As one of the most popular and safest forms of global transportation, aviation is essential to powering modern life. Air travel helps move goods around the world and empowers people to explore the world. With respect to other forms of transportation, aviation has a relatively small contribution to the world’s climate footprint —accounting for around 2% of global greenhouse gas emissions annually. Even so, the industry is innovating with several companies proposing novel ways to reduce the carbon footprint of commercial air travel while maintaining cost competitiveness.
Much like ground transport, electrification is a possible path forward, but there are still major problems to be overcome primarily with regard to the size and weight of batteries that are needed to power airplanes for long distances. There are also challenges with long charging times at airports. However, interest in electric aviation is increasing with some companies focusing on using the technology to provide fuel for short-haul flights. Venturi Aviation is exploring ways of designing an electric 50-seater aircraft capable of flying 621 miles (1,000 kilometers) while Joby Aviation is partnering with Toyota to roll out its eVTOL (electric vertical takeoff and landing vehicle). Since 2019, Joby has flown more than 30,000 miles with its eVTOL prototype and is undergoing the Federal Aviation Administration’s regulatory review before it can bring eVTOL to market. Under its current contract with the Air Force, Joby will bring an eVOTL to Edwards Air Force Base in 2024.
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Other potential alternatives are focusing on biofuels sourced from algae, waste oils, palm oil and solid biomass. United Airlines is partnering with Honeywell and Alder Fuels to purchase over 1.5 billion gallons of sustainable aviation fuel (SAF). As a result, Alder is building a production facility in the Southeastern United States that will make SAF with sustainably sourced biomass from Enviva. The facility is expected to produce three million gallons of liquid hydrocarbon biofuel each year, two million of which will be sustainable aviation fuel.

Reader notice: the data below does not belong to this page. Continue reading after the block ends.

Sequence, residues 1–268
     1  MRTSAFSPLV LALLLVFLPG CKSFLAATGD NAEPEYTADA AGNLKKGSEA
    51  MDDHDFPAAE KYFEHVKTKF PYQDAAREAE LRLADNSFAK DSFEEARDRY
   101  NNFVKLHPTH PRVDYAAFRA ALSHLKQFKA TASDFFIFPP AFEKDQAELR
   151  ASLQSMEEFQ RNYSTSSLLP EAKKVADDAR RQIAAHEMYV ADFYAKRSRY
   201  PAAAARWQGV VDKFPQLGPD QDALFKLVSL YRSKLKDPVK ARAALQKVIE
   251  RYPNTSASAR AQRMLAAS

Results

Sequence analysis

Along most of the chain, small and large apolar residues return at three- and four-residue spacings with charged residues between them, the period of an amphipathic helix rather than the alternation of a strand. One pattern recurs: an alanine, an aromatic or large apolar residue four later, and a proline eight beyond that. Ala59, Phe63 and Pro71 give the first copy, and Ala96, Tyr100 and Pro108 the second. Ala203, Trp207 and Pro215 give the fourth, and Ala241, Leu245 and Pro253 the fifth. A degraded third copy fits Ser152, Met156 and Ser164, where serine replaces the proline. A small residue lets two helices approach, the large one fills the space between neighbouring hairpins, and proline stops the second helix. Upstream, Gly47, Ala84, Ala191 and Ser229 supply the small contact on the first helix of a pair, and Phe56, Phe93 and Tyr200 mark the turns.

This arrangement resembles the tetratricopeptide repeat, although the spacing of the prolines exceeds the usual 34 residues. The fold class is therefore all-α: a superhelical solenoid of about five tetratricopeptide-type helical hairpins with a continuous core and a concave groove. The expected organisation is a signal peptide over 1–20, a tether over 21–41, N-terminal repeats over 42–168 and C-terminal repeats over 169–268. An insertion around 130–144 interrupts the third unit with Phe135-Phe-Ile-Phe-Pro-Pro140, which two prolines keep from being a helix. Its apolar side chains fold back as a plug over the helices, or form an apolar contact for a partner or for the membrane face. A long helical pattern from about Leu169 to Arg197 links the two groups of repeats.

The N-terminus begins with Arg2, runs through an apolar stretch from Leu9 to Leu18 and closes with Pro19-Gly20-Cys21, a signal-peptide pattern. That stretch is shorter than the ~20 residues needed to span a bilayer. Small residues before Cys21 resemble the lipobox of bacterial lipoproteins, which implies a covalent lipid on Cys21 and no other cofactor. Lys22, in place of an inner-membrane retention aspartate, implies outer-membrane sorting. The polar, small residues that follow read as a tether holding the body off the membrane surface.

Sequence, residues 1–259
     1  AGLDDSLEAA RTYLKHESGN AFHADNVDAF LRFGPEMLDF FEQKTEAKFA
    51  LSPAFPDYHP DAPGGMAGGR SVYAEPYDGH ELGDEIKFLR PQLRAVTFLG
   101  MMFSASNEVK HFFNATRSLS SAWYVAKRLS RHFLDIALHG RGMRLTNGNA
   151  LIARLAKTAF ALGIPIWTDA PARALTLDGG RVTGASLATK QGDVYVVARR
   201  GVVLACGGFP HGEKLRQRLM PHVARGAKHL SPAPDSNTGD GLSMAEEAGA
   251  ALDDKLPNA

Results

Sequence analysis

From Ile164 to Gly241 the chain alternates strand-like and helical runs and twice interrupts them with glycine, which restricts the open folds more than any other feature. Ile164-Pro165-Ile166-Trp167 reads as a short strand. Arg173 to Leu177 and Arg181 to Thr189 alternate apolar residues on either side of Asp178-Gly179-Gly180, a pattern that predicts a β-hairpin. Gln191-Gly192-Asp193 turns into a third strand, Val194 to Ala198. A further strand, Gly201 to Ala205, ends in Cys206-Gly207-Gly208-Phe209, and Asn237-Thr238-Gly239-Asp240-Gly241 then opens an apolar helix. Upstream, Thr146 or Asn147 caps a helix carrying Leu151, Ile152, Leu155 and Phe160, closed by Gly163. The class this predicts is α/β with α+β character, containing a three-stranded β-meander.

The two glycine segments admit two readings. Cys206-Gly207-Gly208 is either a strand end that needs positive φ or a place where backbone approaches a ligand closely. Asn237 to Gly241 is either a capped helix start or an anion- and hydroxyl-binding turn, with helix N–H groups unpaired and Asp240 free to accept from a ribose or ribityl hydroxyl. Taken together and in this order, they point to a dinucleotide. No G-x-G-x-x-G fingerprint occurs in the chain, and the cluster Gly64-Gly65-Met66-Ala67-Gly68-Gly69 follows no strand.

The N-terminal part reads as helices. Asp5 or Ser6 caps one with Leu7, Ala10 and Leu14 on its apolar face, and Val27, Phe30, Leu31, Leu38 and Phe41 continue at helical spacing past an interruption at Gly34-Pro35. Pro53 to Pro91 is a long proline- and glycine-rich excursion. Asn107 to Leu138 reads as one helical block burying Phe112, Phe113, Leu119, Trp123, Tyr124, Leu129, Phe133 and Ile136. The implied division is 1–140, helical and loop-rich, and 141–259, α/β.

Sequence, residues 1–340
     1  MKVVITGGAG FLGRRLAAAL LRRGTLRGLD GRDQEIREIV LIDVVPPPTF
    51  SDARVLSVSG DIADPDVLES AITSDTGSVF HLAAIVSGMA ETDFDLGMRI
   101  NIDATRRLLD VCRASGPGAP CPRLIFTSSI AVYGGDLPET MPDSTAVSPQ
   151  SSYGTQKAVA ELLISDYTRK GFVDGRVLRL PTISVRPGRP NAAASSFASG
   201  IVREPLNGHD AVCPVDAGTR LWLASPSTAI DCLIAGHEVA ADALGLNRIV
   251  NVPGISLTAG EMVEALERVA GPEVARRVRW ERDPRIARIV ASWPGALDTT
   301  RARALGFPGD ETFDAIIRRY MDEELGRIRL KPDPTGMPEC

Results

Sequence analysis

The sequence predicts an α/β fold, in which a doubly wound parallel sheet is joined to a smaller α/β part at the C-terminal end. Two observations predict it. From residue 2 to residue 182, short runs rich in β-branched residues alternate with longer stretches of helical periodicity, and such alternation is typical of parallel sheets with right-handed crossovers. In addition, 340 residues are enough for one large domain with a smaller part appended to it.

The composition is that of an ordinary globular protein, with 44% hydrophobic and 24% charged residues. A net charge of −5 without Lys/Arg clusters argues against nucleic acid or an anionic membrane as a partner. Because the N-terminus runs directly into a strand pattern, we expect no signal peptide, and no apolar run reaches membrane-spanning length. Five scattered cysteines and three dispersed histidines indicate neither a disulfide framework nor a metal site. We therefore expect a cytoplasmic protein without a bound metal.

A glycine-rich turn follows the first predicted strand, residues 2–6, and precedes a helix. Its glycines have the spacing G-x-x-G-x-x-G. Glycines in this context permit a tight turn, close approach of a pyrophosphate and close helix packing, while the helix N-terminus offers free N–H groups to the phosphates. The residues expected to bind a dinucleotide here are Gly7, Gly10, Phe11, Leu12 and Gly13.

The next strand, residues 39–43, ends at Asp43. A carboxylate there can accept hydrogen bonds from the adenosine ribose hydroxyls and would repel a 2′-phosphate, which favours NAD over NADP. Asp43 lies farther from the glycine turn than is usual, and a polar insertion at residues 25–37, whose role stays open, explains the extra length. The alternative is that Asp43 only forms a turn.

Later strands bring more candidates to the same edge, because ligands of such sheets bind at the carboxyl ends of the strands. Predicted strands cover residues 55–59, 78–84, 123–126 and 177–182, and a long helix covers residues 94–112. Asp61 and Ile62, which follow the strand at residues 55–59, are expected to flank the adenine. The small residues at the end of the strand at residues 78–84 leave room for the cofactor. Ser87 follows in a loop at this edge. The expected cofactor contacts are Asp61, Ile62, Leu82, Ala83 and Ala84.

Alcohol has also been identified as a potential source of sustainable aviation fuel. Numerous companies, such as Honeywell, are exploring ways to de-oxygenate ethanol and butanol and turn them into jet fuel. LanzaTech is one of the leaders in the field and started its initial investigations into the fuel back in 2010 at the Pacific Northwest National Labs in collaboration with the FAA and US Department of Energy. Approval for the systems was obtained in 2018, and since then its fuel has been used for several flights including a Virgin Atlantic commercial passenger flight from Orlando, Florida to London in 2018, and the delivery of a Boeing aircraft from the United States to Tokyo in 2019.
LanzaTech is developing a commercial scale alcohol to jet fuel production center in Port Talbot, South Wales. The center will include two separate facilities, one of which will convert greenhouse gases to ethanol, while the other will transform that ethanol into fuel.
Developers are also moving in on hydrogen as a potential source of sustainable aviation fuel. Although still in their infancy, hydrogen-powered planes are becoming increasingly feasible. The International Council on Clean Transportation (ICCT) published a report in 2022 entitled Performance Analysis of Evolutionary Hydrogen-Powered Aircraft’ which indicated that hydrogen has the potential to dominate the small and medium-haul aircraft market by 2050.
Aircraft giant Airbus is working on implementing hydrogen fuel into its aircraft plans as part of its ZEROe program. This includes a 200-seat jet airliner with a range of 2,000 miles (3,500 km) that is powered with a liquid hydrogen tank and modified gas-turbine engine. Meanwhile, UK startup ZeroAvia is focusing on the creation of hydrogen fuel cells within a propulsion system. It has partnered with US-based manufacturer Otto Aviation to develop a new hydrogen aircraft, while American Airlines has just invested in ZeroAvia’s engine systems, potentially opening the way for ordering 100 ZeroAvia engines.
Given the value of aviation for everyday life, it is important for airlines to find affordable ways to reduce emissions. Thanks to the work of the private sector, companies are developing impressive breakthroughs to lower the cost of sustainable aviation to benefit of consumers and businesses alike.
Angela Youngman is a long established freelance journalist and author based in the UK specialising in business, sustainability, travel, tourism, leisure, food & drink.